(117) Final Decision, supra note 115, [section] II.10a.

(118) Great lakes and St. Lawrence cities initiative, petitioner, before the Great Lakes-St. Lawrence River Basin water resources compact council, "written statement in furtherance of request for hearing and compact council consideration" (2016) at 20, citing City of Waukesha Diversion Application, "Great Lakes-St. Lawrence River Basin Water Resources Council, Conference of Governors and Premiers" Feb. 18, 2016 Report of Proceedings at 33:8-19, http://www.waukeshadiversion.org/media/1727/2-18-16-public-meeting-hearing-transcript.pdf [hereinafter Petition].

(119) Compact, supra note 33, [section] 4.9.3(e).

(120) Id. [section] 4.9.4.

(121) Id. [section] 4.9.3(a).

(122) Id. [section] 1.2.

(123) Final Decision, supra note 115, [section] II. 1.

(124) Id. [section] II.5.b.i.

(125) Id. [section] II.5-b.ii.

(126) Id.

(127) Petition, supra note 118, at 24.

(128) Compact, supra note 33, [section] 1.2.

(129) Petition, supra note 118, at 24.

(130) Id.

(131) Compact, supra note 33, [section] 4.9.3(d).

(132) Id. [section] 4.9.4(a).

(133) Final Decision, supra note 117, [section] 11.4.

(134) Reasonable. Black's Law Dictionary (101h ed. 2014).

(135) Linda A. Malone, Environmental Law 49 (2nd ed. 2007), citing NRDC v. Morton, 458 F.2d 827 (D.C. Cir. 1972).

(136) Malone, supra note 135, citing Vermont Yankee Nuclear Power Corp v. NRDC, 435 U.S. 519 (1978).

(137) Malone, supra note 135, citing Davis v. Mineta, 302 F.3d 1104, 1112 (10th Cir. 2002); Seacoast Anti-Pollution League v. Nuclear Regulatory Commission, 598 F.2d 1221, 1231 (1st Cir. 1979).

(138) Wisconsin Act 2007, 227 Wis. Stat. [section] 281.346(l)(ps).

(139) Final Decision, supra note 117, [section] II.4.

(140) Compact, supra note 33, [section] 9.3.

(141) Petition, supra note 118, at 28, citing State ex rel. Dyer v. Sims, 341 U.S. 22, 28 (1951).

(142) Evolving Use of Interstate Compacts, supra note 74, at 150.

(143) Compact, supra note 33, [section] 7.1.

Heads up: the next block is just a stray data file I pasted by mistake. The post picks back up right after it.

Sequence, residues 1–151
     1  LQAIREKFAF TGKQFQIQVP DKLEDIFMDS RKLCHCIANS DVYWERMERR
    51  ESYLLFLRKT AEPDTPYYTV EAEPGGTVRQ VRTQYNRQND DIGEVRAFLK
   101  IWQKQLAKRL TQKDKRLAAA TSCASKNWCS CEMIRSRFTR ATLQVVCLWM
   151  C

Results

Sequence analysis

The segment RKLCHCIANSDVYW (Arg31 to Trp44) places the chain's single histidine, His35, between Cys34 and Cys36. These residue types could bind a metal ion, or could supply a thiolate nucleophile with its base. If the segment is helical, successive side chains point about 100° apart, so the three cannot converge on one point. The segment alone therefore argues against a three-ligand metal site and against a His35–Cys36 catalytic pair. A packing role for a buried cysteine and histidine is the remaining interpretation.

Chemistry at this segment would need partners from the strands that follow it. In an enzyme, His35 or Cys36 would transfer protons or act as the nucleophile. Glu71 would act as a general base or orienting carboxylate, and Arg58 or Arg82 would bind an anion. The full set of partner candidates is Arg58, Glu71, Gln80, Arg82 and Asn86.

(144) Id. [section] 1.3.1.

(145) Id. [section] 4.5.1(d).

(146) Id. [section] 4.9.4.

(147) Petition, supra note 118, at 41.

(148) James F. Drought et al., Non-Diversion Alternative Using Existing Water Supply with Treatment (2015), see Appendix 1 to Canadian Environmental Law Association's submission to Compact Council, http://www.cela.ca/sites/cela.ca/files/ Submissions-to-Regional-Body-Waukesha-Proposal.pdf [hereinafter Evaluation Report].

(149) Id. at 9.

(150) City of Waukesha Diversion Application, Preliminary Final Environmental Impact Statement (2016) at 7, http://www.waukeshadiversion.org/media/1641/preliminaryfinaleis.pdf thereinafter WDNR EIS].

(151) Id.

(152) Id.

(153) Evaluation Report, supra note 148, see Executive Summary.

(154) Final Decision, supra note 117, [section] II.3.c.

(155) Evaluation Report, supra note 148, at 4-5.

(156) Id. at 6.

(157) Id. at 13.

(158) Final Decision, supra note 117, [section] 11.4(b).

(159) WDNR EIS, supra note 150, at 109.

(160) Id.

(161) Evaluation Report, supra note 148, at 14.

(162) Id.

(163) Compact, supra note 33, [section] 4.9.3(e).

(164) Id. [section] 4.9.4(d).

(165) Id. [section] 1.2.

(166) Final Decision, supra note 117, [section] 11.7(b).

(167) Id. [section] 11.8(e).

(168) WDNR EIS, supra note 150, at 182.

(169) Id. at 184.

(170) Id. at 182.

(171) Id. at 185.

(172) Id. at 182.

(173) Id. at 186.

(174) Petition, supra note 118, at 52.

(175) WDNR EIS, supra note 150, at 182.

(176) Id.

(177) Id.

(178) Id.

(179) Petition, supra note 118, at 53.

(180) Adrian Koski et al., Baseline Assessment of water quality in support of the Root River Watershed Restoration Plan (2013), http://www.sewrpc.org/SEWRPCFiles/Environment/ RootRiverWshedRestorationPlan/RR_DataAnalysisReport_March2014.pdf [hereinafter Root River Report].

(181) WORN EIS, supra note 150, at 184.

(182) Root River Report, supra note 180, at 1-5, 1-11.

(183) Id. at 1-1.

(184) James R. Karr, Assessment of Biotic Integrity Using Fish Communities, 6 FISHERIES 21, at 23 (1981).

(185) Final Decision, supra note 117, [section] 11.7(b).

(186) WDNR EIS, supra note 150, at 190.

(187) Compact, supra note 33, [section] 6.1.

(188) Id. [section] 6.2.

(189) Id. [section] 4.5.3(d).

(190) Id. [section] 6.2.2.

Adriana Forest ([dagger])

([dagger]) J.D. Candidate, University of Western Ontario Faculty of Law, London, Ontario.